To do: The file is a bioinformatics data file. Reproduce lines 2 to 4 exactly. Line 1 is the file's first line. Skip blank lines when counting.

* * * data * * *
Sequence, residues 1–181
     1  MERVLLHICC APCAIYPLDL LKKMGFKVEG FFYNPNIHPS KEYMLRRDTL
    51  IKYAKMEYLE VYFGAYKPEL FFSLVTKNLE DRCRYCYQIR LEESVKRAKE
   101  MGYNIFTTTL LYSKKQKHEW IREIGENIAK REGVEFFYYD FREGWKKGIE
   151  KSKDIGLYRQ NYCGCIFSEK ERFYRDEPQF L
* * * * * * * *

     1  MERVLLHICC APCAIYPLDL LKKMGFKVEG FFYNPNIHPS KEYMLRRDTL
    51  IKYAKMEYLE VYFGAYKPEL FFSLVTKNLE DRCRYCYQIR LEESVKRAKE
   101  MGYNIFTTTL LYSKKQKHEW IREIGENIAK REGVEFFYYD FREGWKKGIE